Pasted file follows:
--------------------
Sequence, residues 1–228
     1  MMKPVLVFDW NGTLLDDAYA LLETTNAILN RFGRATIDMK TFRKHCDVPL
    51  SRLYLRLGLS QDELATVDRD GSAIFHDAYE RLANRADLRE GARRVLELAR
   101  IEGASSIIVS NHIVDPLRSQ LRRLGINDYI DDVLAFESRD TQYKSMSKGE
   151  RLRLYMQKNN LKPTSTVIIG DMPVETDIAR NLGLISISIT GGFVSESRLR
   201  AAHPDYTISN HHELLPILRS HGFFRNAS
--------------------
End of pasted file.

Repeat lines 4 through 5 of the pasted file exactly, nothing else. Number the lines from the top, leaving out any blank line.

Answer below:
   101  IEGASSIIVS NHIVDPLRSQ LRRLGINDYI DDVLAFESRD TQYKSMSKGE
   151  RLRLYMQKNN LKPTSTVIIG DMPVETDIAR NLGLISISIT GGFVSESRLR